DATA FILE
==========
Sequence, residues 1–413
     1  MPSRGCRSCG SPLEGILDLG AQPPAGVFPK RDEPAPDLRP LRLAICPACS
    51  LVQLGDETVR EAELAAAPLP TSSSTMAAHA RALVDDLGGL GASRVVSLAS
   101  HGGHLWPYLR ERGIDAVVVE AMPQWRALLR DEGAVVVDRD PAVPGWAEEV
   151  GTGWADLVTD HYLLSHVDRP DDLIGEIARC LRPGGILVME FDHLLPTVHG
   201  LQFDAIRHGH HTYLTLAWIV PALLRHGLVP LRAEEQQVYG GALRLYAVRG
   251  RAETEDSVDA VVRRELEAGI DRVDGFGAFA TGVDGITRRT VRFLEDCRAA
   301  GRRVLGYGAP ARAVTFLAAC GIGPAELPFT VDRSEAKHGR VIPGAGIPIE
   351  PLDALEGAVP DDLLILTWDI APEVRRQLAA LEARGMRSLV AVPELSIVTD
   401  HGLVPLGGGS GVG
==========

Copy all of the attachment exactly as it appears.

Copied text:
Sequence, residues 1–413
     1  MPSRGCRSCG SPLEGILDLG AQPPAGVFPK RDEPAPDLRP LRLAICPACS
    51  LVQLGDETVR EAELAAAPLP TSSSTMAAHA RALVDDLGGL GASRVVSLAS
   101  HGGHLWPYLR ERGIDAVVVE AMPQWRALLR DEGAVVVDRD PAVPGWAEEV
   151  GTGWADLVTD HYLLSHVDRP DDLIGEIARC LRPGGILVME FDHLLPTVHG
   201  LQFDAIRHGH HTYLTLAWIV PALLRHGLVP LRAEEQQVYG GALRLYAVRG
   251  RAETEDSVDA VVRRELEAGI DRVDGFGAFA TGVDGITRRT VRFLEDCRAA
   301  GRRVLGYGAP ARAVTFLAAC GIGPAELPFT VDRSEAKHGR VIPGAGIPIE
   351  PLDALEGAVP DDLLILTWDI APEVRRQLAA LEARGMRSLV AVPELSIVTD
   401  HGLVPLGGGS GVG